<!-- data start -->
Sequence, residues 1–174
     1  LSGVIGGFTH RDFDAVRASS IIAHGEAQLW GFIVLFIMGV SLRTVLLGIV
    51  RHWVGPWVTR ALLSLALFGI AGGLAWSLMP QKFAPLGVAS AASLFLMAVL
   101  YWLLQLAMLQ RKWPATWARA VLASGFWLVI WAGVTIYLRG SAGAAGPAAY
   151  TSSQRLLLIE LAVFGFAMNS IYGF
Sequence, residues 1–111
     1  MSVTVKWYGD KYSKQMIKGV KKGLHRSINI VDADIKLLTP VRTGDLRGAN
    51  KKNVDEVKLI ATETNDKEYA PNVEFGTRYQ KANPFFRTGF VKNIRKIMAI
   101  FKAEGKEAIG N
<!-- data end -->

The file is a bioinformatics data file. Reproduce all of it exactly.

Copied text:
Sequence, residues 1–174
     1  LSGVIGGFTH RDFDAVRASS IIAHGEAQLW GFIVLFIMGV SLRTVLLGIV
    51  RHWVGPWVTR ALLSLALFGI AGGLAWSLMP QKFAPLGVAS AASLFLMAVL
   101  YWLLQLAMLQ RKWPATWARA VLASGFWLVI WAGVTIYLRG SAGAAGPAAY
   151  TSSQRLLLIE LAVFGFAMNS IYGF
Sequence, residues 1–111
     1  MSVTVKWYGD KYSKQMIKGV KKGLHRSINI VDADIKLLTP VRTGDLRGAN
    51  KKNVDEVKLI ATETNDKEYA PNVEFGTRYQ KANPFFRTGF VKNIRKIMAI
   101  FKAEGKEAIG N